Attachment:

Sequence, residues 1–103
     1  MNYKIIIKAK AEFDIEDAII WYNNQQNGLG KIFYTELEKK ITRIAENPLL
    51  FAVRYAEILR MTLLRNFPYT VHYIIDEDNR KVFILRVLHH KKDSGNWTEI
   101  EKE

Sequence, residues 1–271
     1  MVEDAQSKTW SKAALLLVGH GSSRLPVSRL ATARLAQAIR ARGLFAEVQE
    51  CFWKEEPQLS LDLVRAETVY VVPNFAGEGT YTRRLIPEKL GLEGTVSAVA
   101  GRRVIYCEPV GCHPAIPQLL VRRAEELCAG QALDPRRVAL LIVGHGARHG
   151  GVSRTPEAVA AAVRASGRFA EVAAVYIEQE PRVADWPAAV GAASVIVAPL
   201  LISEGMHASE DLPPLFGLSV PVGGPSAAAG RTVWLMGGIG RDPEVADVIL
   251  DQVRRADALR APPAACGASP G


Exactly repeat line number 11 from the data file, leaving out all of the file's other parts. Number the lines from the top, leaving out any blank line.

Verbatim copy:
   251  DQVRRADALR APPAACGASP G